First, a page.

Brexit: What could leaving EU mean for Fishguard's port?
Of all the stories that have come out of Brexit and Wales, the impact or otherwise on the country's port links with Ireland has been one of the biggest.
Wales has three ports that link Great Britain to Ireland, with warnings of long queues if, as a result of whatever Brexit negotiations produce, customs and border checks are needed.
One port, Holyhead, has had much written about it - with concerns new checks could result in delays and disrupt its business model.
But the smaller port of Fishguard in Pembrokeshire, with its own roll-on, roll-off service, has also been a focus of some concerns.
- 'Free ports' urged to boost business
- Holyhead 'extra-complexity' post-Brexit
- Concern about Holyhead port
- 'Danger' to Welsh ferry ports
An assembly committee report last year found 100,000 lorries were carried to Ireland via ports in Pembrokeshire in 2015 - a third of those through Fishguard.
The UK government said it did not want a so-called "hard border" with Ireland and it is unclear what, if any, impact the final Brexit settlement would have on Wales' ports.
Jeremy Martineau, secretary of the Fishguard and Goodwick Chamber of Trade, said the organisation, which has 140 members, does not have a view on Brexit.
But asked what he thought personally about the impact of leaving the EU on the town, the Remain voter said: "It depends on what happens with the Ireland/Northern Ireland border."
He feared border checks would deter commercial traffic from using the link - something he said was more significant than passenger traffic - and was concerned about direct routes from Ireland to the continent being developed.
Mr Martineau feared less freight "could close the port", as there may not be enough business for docks at both Pembroke Dock and Fishguard to operate.
"I think it's serious. It may be more physiologically damaging than economically, although we'd lose 70-80 direct jobs from the port itself," he said.
"It's long-been a frustration that ferry passengers don't necessary come and spend any money in Fishguard and Goodwick. They put their foot down on the throttle and disappear.
"On the other hand, we've got the cruise business - that is very important for us. If we would lose that we would lose several hundred thousand pounds a year to the local economy."
But he said, for some people in the town, whether the port was there or not "would not make any difference".
But even in a town such as Fishguard, is Brexit a talking point?
Anne Andrews, who runs a stall at Fishguard Market, voted to leave in the 2016 referendum, as did a majority in Pembrokeshire.
"We joined the common market and it has changed a lot since it has become much bigger," she said, adding the EU "sets too many rules and regulations".
She appeared to be unconvinced the port was under threat: "Stena, who run the port, don't think its likely to close."
Is Brexit something you hear people talk about?
"A little bit," she said. "They get worried it will mean an increase in costs for food and other things. I think we're being frightened. There's a lot of hype."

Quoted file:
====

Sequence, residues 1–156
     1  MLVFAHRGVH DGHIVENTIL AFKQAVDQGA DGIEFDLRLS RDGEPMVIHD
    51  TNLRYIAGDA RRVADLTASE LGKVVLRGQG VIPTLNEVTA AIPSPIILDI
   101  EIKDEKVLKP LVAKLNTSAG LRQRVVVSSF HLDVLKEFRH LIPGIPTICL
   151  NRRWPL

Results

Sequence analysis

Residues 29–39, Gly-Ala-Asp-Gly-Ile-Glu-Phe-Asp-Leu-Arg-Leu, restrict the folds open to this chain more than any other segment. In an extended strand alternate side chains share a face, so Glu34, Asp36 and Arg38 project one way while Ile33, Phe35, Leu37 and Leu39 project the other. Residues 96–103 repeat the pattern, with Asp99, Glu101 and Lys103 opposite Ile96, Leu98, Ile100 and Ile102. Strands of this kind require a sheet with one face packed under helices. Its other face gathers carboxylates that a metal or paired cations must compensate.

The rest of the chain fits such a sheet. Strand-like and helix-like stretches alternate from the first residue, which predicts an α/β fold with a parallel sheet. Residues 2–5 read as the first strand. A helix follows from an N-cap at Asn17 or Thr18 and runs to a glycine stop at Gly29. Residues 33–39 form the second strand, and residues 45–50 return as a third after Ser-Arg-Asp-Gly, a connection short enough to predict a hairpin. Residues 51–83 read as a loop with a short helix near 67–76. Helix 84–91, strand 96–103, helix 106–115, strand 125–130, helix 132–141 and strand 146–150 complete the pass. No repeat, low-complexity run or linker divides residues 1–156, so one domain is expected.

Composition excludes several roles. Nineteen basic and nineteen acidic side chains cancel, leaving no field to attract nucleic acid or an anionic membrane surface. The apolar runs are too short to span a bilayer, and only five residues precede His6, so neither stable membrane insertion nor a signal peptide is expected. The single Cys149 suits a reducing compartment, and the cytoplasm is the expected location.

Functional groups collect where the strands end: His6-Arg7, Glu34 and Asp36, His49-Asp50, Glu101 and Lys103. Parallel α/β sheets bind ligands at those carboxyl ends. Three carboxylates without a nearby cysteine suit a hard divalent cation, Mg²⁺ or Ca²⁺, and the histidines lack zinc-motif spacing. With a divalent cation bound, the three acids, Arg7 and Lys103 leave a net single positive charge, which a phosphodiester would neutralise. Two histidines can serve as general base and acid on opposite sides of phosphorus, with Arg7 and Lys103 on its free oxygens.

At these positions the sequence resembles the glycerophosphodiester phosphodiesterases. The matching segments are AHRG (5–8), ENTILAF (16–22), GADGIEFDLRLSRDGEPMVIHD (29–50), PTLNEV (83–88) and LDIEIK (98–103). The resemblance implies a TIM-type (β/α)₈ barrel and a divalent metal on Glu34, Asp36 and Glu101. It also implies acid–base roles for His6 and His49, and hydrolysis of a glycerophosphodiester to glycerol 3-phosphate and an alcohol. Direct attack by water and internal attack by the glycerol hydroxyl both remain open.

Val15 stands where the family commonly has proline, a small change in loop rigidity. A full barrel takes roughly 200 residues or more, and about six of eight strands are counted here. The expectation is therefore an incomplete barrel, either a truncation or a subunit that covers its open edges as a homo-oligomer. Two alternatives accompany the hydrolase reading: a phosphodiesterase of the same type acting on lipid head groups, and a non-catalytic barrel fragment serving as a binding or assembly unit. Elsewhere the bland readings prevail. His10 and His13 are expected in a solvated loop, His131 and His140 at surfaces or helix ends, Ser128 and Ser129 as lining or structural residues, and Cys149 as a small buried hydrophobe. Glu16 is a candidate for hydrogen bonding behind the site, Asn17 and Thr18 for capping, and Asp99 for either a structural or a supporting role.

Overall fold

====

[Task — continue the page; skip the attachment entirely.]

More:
Gwyneth Evans, a retired farmer from Fishguard who raises money for charity in the market, said she was "originally all for" the common market, but voted leave: "I thought we would be much better off out."
She thought the prospect of customs checks at the port - should they become a reality - was something that might bother people who were involved with the port, but others less so.
Dave Golding, who runs a cafe at Fishguard Market, but is originally from the West Midlands of England, voted Remain in the referendum and worries Stena could move out of the town.
But does he think Brexit keeps people up at night in Fishguard? "No. I don't think they care very much.
"I think people decided it is a fait accompli. They think we've voted, its done, we're leaving - the politicians will sort out the best we can and everyone will be unhappy with it."
Duncan Wilson is director of Edukey, an education software firm in Fishguard that employs 45 people.
"The port has zero impact on our business, but Brexit does. We work with schools in Europe and any barrier to trade is not good for us", he said, adding that a contract with Malta to supply all schools in the country was nearly lost because of the Brexit vote.
A spokesman for Stena Line said: "Presently it is unclear what the precise implications on UK shipping will be as a result of the UK's exit from the EU, equally, it is still unknown at what pace companies will need to adopt to the new economic environment.
"Stena Line is currently working with the UK Chamber of Shipping to consider the implications for all of Stena's UK interests.
"The UK Chamber of Shipping is an important platform for Stena Line to work with the wider shipping community, including its social partners and stakeholders, to better understand the practical implications of a UK exit from the EU."